adaptive routing l.
Skip this Video
Loading SlideShow in 5 Seconds..
Adaptive Routing PowerPoint Presentation
Download Presentation
Adaptive Routing

Loading in 2 Seconds...

play fullscreen
1 / 30

Adaptive Routing - PowerPoint PPT Presentation

  • Uploaded on

Adaptive Routing. Rienforcement Learning Approaches. Contents. Routing Protocols Reinforcement Learning Q-Routing PQ-Routing Ant Routing Summary. Routing Classification. Distributed. Centralized. A Main controller updates all node’s routing tables. Fault Tollerent.

I am the owner, or an agent authorized to act on behalf of the owner, of the copyrighted work described.
Download Presentation

Adaptive Routing

An Image/Link below is provided (as is) to download presentation

Download Policy: Content on the Website is provided to you AS IS for your information and personal use and may not be sold / licensed / shared on other websites without getting consent from its author.While downloading, if for some reason you are not able to download a presentation, the publisher may have deleted the file from their server.

- - - - - - - - - - - - - - - - - - - - - - - - - - E N D - - - - - - - - - - - - - - - - - - - - - - - - - -
Presentation Transcript
adaptive routing

Adaptive Routing

Rienforcement Learning Approaches

  • Routing Protocols
  • Reinforcement Learning
  • Q-Routing
  • PQ-Routing
  • Ant Routing
  • Summary
routing classification
Routing Classification



  • A Main controller updates all

node’s routing tables.

  • Fault Tollerent.
  • Suitable for small networks.
  • Route computation shared

among nodes by exchanging.

  • Widley used.
routing classification4
Routing Classification…



  • Routing based only on source

and destination.

  • Current network state - Ignored
  • Adapt policy to time and trafic.
  • More attractive.
  • Ossilations in path.
routing classification based on optimization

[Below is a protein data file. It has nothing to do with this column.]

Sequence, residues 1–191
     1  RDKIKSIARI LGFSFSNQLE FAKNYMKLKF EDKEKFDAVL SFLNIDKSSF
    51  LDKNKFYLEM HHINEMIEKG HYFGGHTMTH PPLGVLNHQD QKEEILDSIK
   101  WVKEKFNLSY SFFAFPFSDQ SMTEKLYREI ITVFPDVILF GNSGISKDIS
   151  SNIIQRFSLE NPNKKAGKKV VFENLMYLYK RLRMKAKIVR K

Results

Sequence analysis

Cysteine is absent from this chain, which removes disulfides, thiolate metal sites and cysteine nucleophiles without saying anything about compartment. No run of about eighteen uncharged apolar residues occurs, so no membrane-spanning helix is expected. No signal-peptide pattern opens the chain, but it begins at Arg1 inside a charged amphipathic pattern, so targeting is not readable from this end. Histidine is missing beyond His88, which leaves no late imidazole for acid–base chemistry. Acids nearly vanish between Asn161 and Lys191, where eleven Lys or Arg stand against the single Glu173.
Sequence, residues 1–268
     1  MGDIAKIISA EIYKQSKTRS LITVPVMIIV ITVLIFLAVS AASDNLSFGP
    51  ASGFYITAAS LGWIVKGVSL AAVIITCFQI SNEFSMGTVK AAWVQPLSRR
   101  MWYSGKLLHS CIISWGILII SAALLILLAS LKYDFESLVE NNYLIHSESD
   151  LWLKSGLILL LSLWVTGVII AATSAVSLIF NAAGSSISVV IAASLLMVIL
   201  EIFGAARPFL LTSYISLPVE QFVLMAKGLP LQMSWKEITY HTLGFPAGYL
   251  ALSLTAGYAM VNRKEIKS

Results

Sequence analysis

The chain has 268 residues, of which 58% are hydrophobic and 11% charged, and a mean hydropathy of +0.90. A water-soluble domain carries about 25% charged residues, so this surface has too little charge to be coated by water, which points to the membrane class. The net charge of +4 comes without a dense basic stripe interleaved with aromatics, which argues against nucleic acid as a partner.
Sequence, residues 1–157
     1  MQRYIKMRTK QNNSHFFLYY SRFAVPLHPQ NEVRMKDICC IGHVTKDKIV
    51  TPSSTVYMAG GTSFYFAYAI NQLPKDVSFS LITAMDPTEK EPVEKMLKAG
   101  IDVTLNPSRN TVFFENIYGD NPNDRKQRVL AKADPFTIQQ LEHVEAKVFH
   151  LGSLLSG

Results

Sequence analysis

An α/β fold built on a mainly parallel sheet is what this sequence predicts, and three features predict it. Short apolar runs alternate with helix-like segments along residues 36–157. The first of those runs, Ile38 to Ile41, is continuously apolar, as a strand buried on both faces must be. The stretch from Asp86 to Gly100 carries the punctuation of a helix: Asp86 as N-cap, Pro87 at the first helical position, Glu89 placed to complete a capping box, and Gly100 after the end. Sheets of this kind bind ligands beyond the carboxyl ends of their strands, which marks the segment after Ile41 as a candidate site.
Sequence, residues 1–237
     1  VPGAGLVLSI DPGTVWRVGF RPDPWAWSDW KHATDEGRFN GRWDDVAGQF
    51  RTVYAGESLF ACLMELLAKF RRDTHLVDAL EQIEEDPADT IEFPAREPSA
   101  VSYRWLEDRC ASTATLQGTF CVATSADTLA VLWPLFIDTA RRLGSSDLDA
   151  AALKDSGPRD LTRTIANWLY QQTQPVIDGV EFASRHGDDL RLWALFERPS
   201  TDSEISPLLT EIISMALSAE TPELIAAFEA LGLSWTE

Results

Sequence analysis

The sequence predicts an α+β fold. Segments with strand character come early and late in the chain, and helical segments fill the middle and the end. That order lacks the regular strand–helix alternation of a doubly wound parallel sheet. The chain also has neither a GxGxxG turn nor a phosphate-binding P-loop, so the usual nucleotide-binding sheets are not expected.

Routing Classification Based on Optimization.




Shortest Path



short falls of static routing
Short falls of Static Routing
  • Dynamic networks are subjected to the following changes.
    • Topologies changes, as nodes are added and removed
    • Traffic patterns change cyclically
    • Overall network load changes
  • So, routing algorithms that assume that the network is static don’t work in this setting
tackling dynamic networks
Tackling Dynamic Networks
  • Periodic Updates?
  • Routing traffic?
  • When to update?

Adaptive Routing’s the Answer?

reinforcement learning
Reinforcement Learning

Agent Playing against a player- Chess and Tic-Tac-Toe

Learning a Value Function

learning value function
Learning Value Function
  • Temporal Difference
  • V(e) = V(e) + K [ V(g) – V(e) ]

For K = 0.4 We have

V(e) = 0.5 + 0.2 = 0.7

  • Exploration Vs Exploitation
  • e and e*



rienfocement learning networks
Rienfocement Learning -Networks


V(s) = V(s) + K [ V(s’) – V(s) ]








q routing
  • Qx(d, y) is the time that node x estimates it will take to deliver a packet to node d through its neighbor y
  • When y receives the packet, it sends back a message (to node x), containing its (i.e. y’s) best estimate of the time remaining to get the packet to d, i.e.
    • t = min(Qy(d, z)) over all z neighbors( y )
  • x then updates Qx(d, y) by:
    • [Qx(d, y)]NEW = [Qx(d, y)]OLD + K.(s+q+t - [Qx(d,y)]OLD)


    • s = RTT from x to y
    • q = Time spent in queue at x
    • T = new estimate by y


q routing12


message to d




min(Qy(d, zi)) = 13;

RTT = s = 11

[Qx(d, y)] += (0.25).[(11+17) - 20]



to d

Qy(d, z1) = 25

Qy(d, z2) = 17

estimated RTT = 3

Qy(d, ze) = 70

short falls
Short falls
  • Shortest path algorithm – better than Q Routing under low load.
  • Failure to converge back to shortest paths when network load decreases again.

Failure to explore new shortcuts

short falls15


message to d




Short falls…

to d

Qy(d, z1) = 25

Qy(d, z2) = 17

Qy(d, ze) = 70


Even if route via y reduces later,

It never gets used untill route via

W gets cunjusted

predictive q routing
Predictive Q-Routing
  • DQ = s+q+t - [Qx(d,y)]OLD
  • [Qx(d, y)]NEW = [Qx(d, y)]OLD + K.DQ
  • Bx(d,y) = MIN[Bx(d,y), Qx(d,y)]
  • If(DQ < 0) //Path is improving
    • DR = DQ/(currentTime – lastUpdatedTime)
    • Rx(d,y) = Rx(d,y) + B.DR //Decrease in R